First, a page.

A reader called to say that squirrels had eaten her tomatoes last year when the fruits were about the size of golf balls. She wondered if there was anything she could do this year. Charlie Lee, Extension wildlife specialist at K-State, gives some options:
▪ Reduce bird feeders, which may keep the number of squirrels in an area artificially high.
▪ Treat with a repellent. The only repellents that are labeled for squirrels are ones that would be used around the plants, not on them, to deter squirrels by their scent.
▪ Use electrified netting where allowed by city code.
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▪ Trap the squirrels, to either move or euthanize them.
Reports of armadillo damage also continue to increase, Lee said, and similar deterrents can be used with them.
Rabbits are a problem for many gardeners, though they generally leave potatoes, tomatoes, corn, squash, cucumbers, and some peppers alone, Ward Upham of K-State writes in the Horticulture 2016 newsletter.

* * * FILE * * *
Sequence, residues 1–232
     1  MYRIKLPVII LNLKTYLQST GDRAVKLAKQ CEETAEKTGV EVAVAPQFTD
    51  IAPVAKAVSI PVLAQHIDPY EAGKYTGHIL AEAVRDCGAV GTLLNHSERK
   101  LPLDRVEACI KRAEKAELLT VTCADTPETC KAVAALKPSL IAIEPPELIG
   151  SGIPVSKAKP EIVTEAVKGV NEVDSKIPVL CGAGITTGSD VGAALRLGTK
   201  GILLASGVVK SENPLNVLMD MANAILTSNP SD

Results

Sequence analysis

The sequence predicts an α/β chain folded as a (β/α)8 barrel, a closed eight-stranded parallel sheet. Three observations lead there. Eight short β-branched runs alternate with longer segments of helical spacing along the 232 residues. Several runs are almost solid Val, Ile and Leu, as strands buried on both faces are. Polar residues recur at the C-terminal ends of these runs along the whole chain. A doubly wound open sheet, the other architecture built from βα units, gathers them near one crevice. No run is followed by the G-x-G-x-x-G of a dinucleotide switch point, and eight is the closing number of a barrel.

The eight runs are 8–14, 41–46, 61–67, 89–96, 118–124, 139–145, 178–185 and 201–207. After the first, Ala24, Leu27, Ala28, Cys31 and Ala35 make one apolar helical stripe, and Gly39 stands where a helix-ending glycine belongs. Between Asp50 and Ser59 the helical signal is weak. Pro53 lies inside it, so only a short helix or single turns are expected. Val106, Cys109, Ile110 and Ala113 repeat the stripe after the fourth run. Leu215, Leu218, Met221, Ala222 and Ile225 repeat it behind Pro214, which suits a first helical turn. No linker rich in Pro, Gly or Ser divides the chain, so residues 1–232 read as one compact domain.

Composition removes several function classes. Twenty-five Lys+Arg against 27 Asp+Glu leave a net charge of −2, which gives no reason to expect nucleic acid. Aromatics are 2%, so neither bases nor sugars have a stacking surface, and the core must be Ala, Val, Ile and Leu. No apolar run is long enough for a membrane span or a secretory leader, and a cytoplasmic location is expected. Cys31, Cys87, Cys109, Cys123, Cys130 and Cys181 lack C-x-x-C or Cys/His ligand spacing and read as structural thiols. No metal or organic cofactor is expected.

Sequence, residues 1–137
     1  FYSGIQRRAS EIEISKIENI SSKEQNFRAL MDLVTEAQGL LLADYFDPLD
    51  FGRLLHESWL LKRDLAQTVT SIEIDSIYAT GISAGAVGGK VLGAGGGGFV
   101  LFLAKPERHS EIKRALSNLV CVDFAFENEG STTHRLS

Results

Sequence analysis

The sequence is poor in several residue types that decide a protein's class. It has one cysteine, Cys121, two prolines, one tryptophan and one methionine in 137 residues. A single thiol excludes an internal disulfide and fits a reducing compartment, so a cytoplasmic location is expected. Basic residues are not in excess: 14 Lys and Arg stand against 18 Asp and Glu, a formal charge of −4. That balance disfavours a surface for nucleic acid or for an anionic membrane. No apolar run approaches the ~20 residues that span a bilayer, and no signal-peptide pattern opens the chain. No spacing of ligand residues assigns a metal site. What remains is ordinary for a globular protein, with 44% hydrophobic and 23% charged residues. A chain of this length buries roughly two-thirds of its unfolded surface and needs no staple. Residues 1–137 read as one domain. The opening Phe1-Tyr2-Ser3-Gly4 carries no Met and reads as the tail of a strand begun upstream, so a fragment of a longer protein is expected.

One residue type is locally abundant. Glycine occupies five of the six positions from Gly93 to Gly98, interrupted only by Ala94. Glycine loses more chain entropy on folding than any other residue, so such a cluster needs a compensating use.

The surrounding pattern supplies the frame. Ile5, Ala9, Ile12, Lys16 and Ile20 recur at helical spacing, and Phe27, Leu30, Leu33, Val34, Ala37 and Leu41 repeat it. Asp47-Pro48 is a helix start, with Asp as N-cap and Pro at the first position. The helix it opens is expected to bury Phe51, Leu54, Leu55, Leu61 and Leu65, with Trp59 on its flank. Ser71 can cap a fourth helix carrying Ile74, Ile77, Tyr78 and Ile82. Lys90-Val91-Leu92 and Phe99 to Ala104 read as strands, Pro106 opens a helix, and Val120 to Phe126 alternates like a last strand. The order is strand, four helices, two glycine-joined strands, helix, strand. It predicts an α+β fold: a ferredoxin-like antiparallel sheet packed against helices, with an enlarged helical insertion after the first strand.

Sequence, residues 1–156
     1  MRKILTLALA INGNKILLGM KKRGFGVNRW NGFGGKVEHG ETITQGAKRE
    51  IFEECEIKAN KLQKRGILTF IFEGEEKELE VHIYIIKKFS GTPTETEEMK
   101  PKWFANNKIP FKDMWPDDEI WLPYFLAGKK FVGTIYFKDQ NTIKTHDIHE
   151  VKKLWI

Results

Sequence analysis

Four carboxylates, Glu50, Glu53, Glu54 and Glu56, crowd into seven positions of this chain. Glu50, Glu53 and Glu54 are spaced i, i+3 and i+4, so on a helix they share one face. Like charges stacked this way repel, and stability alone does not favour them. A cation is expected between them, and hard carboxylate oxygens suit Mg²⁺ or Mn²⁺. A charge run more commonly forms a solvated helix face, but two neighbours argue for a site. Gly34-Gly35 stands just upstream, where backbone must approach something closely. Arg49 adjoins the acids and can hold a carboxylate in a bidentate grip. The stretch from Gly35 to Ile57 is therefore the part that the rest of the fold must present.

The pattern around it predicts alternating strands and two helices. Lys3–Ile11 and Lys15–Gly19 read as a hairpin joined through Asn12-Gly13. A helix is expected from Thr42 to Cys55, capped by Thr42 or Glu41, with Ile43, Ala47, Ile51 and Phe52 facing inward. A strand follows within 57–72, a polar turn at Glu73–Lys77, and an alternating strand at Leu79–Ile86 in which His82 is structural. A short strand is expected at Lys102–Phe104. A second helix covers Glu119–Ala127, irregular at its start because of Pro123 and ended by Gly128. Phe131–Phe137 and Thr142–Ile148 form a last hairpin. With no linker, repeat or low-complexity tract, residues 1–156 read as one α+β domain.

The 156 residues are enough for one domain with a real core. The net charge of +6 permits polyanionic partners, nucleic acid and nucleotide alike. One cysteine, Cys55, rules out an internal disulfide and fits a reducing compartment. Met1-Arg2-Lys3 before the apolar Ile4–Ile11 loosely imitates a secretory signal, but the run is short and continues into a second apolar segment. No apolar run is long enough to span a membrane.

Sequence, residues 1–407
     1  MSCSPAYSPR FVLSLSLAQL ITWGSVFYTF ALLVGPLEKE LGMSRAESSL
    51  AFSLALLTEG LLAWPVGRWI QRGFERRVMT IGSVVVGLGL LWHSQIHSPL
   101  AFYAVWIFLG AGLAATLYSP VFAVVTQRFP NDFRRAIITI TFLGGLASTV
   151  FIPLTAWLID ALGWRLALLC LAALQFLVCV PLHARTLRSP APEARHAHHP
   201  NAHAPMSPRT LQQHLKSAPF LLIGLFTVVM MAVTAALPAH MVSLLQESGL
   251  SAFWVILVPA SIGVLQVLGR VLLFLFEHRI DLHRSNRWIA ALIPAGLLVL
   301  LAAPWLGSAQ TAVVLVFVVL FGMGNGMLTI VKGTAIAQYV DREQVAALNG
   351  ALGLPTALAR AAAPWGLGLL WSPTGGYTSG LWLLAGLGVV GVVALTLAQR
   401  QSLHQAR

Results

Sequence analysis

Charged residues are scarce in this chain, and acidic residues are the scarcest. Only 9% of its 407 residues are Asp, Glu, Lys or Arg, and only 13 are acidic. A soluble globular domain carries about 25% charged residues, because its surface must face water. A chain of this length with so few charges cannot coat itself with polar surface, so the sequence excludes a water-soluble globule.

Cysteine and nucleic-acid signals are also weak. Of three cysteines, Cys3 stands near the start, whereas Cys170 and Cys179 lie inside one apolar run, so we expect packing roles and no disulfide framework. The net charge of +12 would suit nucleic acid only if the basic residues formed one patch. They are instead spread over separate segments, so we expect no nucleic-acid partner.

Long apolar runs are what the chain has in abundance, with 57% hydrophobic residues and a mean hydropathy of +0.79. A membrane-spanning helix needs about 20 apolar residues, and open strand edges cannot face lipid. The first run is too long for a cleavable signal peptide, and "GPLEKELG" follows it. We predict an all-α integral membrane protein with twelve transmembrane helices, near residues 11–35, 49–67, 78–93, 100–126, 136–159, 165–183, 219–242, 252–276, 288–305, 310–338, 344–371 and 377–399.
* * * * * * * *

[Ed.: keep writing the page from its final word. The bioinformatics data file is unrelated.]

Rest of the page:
To protect other edibles from the nibblers, short fencing works well, he says. It should be at least 2 feet tall and of a type that has mesh openings of 1 inch or less so baby rabbits can’t get through it. Electric fence posts provide good support, Upham says.
If you don’t like the fence look, other options include repellents (read the label for the types of plants they can be used on, and reapply after rain) and a motion-activated sprinkler, Upham says.